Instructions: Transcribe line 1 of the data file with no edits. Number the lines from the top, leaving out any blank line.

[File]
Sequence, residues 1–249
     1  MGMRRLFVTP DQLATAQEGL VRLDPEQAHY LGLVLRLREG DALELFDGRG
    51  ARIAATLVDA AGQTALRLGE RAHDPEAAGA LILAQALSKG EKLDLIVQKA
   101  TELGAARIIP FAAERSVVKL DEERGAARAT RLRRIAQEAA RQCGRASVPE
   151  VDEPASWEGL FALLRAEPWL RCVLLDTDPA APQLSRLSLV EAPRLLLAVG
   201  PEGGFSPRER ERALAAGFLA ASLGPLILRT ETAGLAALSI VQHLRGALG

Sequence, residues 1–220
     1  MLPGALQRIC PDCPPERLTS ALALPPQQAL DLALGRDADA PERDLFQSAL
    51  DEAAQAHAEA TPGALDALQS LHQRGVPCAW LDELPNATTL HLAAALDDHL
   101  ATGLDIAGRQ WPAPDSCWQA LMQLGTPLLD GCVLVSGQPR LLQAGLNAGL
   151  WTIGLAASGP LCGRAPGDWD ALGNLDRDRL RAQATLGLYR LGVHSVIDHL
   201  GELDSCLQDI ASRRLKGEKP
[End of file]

Sequence, residues 1–249